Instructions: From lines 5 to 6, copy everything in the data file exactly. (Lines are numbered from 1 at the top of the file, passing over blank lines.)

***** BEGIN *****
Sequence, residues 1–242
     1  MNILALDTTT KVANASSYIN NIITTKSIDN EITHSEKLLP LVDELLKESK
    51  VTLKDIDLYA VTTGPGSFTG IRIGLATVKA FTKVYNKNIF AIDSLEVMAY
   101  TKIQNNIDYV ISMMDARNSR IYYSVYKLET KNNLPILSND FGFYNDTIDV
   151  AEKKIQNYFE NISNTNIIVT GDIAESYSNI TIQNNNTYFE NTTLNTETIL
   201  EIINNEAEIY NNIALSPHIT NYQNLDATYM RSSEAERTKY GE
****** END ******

   151  AEKKIQNYFE NISNTNIIVT GDIAESYSNI TIQNNNTYFE NTTLNTETIL
   201  EIINNEAEIY NNIALSPHIT NYQNLDATYM RSSEAERTKY GE